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Who Is Not Being Represented in Pharmacogenomics?

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Who is not being accounted for in the field of pharmacogenomics? Pharmacogenomics is the study of how a person’s genes affect how he or she responds to medication. Often, the data being collected during genetic testing represents a racial bias. On this episode, Darshan talks about the social issues of pharmacogenomics, and why certain minority groups are left out of pharmacogenomic testing.

Although developments in pharmacogenomics have arguably led to an improvement in the efficacy and safety of medicine, there are several ethical and social issues that are being raised.  Pharmacogenomics is defined as the study of how genetic variation affects the way an individual responds to medications. This allows for doctors and pharmacists to select for medicines that are well-suited to patients depending on their genetic composition. Despite the benefits of pharmacogenomics, genetic research suffers from racial inequity and lack of informed consent. Clinicians and drug companies must consider these problems when using genetic data and taking part in pharmacogenomics.

How Does Genetic Testing Affect Data Collection?

The data collection being performed through genetic testing by companies like 23andMe has been proven to be skewed, particularly as the people who undergo the testing are predominantly Caucasian. In fact, as reported by 23andMe, Africans, African-Americans, and Latinos make up less than four percent of individuals included in genome-wide association studies. This represents a racial bias in the data being collected by 23andMe and other DNA-testing companies, which may affect the future of drug development. As drug companies use the data collected by DNA-testing companies to develop new drugs, there is the danger that these drugs will only treat the group that is most largely represented in the genetic data (in this case, the Caucasian population). This means that under-represented groups could be neglected, as the new drugs being developed rely on genetic data which excludes them. Clinicians should be wary when tailoring drug prescriptions to individual patients and keep in mind that the genetic data being collected does not represent all racial populations equally. 

Is Informed Consent Being Obtained?

Another ethical concern surrounding pharmacogenomics is informed consent. Informed consent is getting an individual’s permission before using their personal information. With genetic testing, this means that DNA companies disclose what they will do with their customers’ data, and must provide forms for their customers to sign stating how their genetic data will be used. Unfortunately, these forms are often not readily understandable for the average consumer—they are often lengthy and not straightforward. Consumers also rarely read through the terms and conditions provided on these forms, suggesting that genetic research companies often have not received the full consent from their testing population.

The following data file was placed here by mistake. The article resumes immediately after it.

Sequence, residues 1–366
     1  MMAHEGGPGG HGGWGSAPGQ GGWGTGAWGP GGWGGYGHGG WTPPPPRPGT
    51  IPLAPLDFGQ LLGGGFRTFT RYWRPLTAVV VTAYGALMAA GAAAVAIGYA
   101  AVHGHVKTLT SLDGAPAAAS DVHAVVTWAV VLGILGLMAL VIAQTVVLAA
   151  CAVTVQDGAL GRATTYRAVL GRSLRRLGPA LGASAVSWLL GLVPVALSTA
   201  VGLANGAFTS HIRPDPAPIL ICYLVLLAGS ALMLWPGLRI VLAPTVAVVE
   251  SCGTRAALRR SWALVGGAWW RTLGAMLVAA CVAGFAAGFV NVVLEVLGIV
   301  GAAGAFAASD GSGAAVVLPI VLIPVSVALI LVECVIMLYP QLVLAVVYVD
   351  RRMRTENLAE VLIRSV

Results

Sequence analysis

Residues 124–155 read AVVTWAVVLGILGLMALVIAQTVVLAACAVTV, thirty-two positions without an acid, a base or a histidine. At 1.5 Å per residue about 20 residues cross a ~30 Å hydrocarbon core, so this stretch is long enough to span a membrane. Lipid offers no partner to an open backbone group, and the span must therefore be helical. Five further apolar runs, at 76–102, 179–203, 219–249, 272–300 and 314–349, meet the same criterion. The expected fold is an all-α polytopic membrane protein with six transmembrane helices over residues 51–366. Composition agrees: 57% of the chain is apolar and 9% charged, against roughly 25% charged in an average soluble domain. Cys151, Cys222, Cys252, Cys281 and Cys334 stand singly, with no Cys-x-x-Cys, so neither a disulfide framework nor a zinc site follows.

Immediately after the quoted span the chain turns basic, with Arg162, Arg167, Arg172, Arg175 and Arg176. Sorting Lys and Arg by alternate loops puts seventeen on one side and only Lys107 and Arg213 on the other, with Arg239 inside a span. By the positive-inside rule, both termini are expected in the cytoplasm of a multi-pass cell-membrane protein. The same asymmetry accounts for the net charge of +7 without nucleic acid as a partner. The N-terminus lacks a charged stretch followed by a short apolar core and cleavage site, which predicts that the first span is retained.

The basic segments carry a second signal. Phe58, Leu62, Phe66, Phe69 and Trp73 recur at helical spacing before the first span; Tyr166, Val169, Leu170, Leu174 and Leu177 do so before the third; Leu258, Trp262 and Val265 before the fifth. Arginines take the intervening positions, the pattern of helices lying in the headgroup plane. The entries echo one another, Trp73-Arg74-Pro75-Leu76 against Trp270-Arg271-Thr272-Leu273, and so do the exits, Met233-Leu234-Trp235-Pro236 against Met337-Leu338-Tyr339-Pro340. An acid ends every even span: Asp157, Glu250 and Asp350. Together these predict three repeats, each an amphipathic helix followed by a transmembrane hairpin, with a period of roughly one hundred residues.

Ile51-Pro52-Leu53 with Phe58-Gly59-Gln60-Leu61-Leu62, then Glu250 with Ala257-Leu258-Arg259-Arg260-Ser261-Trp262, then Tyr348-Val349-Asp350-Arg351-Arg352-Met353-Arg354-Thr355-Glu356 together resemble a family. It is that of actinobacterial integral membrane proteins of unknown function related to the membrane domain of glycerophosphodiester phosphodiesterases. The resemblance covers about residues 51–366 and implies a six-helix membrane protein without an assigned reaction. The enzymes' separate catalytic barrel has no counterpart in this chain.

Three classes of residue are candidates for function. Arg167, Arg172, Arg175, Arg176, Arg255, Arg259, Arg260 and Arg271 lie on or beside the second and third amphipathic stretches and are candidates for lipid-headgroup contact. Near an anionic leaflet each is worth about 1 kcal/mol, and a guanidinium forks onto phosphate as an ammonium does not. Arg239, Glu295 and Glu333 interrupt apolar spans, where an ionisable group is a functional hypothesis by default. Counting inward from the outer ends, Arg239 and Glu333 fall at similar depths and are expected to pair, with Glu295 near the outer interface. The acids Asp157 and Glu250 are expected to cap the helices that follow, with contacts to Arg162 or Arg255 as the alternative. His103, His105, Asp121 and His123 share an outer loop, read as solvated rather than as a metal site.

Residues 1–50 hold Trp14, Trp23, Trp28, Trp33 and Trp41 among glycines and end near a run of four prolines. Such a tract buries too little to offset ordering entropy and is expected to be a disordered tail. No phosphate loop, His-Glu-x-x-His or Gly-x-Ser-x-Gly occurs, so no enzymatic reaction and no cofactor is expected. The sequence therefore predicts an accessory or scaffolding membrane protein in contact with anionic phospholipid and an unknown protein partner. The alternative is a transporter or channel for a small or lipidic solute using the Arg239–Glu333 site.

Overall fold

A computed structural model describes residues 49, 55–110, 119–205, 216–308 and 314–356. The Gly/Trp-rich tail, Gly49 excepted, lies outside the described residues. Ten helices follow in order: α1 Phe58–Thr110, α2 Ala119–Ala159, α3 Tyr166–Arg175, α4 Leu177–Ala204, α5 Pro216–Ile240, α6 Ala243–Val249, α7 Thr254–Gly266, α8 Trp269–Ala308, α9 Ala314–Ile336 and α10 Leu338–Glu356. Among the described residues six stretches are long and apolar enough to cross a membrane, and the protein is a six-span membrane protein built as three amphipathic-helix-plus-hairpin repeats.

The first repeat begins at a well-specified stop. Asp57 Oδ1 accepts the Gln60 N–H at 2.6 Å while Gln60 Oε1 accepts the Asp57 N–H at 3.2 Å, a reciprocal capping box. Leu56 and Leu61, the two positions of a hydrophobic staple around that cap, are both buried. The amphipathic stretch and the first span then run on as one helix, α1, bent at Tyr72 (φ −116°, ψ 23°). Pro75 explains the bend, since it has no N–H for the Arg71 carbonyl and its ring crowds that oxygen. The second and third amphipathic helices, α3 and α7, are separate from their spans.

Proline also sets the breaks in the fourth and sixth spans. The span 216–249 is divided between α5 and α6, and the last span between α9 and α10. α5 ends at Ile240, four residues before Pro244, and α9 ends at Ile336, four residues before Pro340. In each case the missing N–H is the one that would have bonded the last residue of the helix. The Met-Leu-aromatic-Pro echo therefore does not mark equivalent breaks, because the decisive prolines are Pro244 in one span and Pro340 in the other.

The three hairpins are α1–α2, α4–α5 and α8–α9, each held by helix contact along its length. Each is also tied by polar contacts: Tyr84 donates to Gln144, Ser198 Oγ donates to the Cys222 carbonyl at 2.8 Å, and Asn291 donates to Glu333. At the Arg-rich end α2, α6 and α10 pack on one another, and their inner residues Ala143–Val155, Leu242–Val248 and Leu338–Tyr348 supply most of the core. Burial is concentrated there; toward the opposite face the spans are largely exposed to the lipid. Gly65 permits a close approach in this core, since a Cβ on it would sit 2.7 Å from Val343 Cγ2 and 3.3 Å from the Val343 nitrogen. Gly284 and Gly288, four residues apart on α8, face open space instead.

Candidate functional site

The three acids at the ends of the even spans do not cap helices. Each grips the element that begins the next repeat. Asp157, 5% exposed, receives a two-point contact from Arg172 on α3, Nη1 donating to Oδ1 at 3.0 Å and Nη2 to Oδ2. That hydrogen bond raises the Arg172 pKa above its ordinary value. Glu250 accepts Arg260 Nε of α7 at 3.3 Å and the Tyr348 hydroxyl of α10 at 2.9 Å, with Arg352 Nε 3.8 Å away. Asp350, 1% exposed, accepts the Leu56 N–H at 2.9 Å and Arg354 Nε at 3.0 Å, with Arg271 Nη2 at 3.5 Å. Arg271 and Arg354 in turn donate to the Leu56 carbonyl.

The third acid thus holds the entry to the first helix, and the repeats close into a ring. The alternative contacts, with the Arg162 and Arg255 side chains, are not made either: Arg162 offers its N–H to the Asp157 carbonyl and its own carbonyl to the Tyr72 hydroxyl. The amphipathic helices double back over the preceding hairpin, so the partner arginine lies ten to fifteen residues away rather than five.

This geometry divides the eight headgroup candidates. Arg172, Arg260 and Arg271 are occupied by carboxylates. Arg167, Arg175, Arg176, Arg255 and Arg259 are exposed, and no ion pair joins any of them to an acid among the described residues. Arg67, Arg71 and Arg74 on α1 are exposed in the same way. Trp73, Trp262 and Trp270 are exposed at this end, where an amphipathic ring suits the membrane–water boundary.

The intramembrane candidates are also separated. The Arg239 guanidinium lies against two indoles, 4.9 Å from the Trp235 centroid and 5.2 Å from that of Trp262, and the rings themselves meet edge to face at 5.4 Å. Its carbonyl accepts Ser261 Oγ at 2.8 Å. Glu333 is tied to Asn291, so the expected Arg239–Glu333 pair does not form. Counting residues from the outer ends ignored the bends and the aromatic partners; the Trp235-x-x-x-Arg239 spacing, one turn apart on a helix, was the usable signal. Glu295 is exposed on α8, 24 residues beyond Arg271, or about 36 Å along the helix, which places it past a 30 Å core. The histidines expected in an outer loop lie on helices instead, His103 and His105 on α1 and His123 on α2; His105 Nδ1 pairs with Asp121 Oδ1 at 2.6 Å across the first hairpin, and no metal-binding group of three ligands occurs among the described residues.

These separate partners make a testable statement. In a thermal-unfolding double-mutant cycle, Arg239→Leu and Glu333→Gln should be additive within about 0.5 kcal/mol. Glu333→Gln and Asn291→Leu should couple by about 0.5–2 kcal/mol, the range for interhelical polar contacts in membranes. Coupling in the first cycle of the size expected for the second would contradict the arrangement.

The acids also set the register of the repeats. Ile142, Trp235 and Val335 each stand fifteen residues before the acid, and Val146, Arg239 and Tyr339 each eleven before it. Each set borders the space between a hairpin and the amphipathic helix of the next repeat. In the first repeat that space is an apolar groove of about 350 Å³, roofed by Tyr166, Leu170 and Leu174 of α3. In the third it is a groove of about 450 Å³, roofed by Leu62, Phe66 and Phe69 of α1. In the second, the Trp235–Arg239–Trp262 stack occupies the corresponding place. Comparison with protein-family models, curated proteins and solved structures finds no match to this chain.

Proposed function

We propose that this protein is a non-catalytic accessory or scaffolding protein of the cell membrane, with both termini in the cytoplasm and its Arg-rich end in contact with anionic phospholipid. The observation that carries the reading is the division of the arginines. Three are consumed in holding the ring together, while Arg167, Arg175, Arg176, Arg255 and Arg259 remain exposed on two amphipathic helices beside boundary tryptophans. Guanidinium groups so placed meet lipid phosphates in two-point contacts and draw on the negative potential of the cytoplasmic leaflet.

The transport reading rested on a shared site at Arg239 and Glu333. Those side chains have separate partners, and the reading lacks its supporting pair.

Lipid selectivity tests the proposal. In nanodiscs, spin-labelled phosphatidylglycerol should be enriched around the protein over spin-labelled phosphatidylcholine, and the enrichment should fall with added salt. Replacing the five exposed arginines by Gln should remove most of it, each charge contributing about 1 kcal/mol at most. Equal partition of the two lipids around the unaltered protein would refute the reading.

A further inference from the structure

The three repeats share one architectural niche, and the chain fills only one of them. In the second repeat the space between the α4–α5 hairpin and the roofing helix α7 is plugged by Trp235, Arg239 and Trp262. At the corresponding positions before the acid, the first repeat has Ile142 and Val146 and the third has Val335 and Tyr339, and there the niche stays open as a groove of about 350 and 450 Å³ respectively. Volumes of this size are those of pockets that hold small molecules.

How Should Companies Address These Ethical Problems?

The responsibility of addressing these ethical problems falls to the companies conducting genetic research or developing drugs. To ensure that minority populations are being included in genetic data collection, companies should consider reaching out to these groups themselves to diversify their data. Perhaps the genetic data these companies are collecting is not completely validated. As a result, perhaps this data should not be collected because patients may end up making treatment decisions based on that information. 

Yet another consideration that companies should take into account is how transparent they are being with patient disclosure. Companies should investigate how their terms and conditions are when conveying to their customers how their genetic data will be used. Improving these forms would mean that a higher percentage of people would be informed about how their data was being used in genetic research.

Although pharmacogenomics offers many benefits to the field of research and medicine, companies should weigh the various ethical issues in order to make the most of this new technology. This means not only diversifying genetic data collection, but also improving patient disclosure.

If you have any other questions about how to communicate with the FDA or how your past and/or current FDA communications affect you and your business goals, reach out to me on Twitter, LinkedIn, or send me a message here.

I also host a podcast called DarshanTalks, a show that discusses newsworthy FDA issues and how they apply to bringing a product to market – and keeping it there. From patient centricity in clinical trials to the government shutdown to CRISPR and bioethics to why big data is doomed to fail in healthcare, we’ve got quite the list of topics to review! Listen to the podcast on Google Podcasts or on Apple Podcasts.

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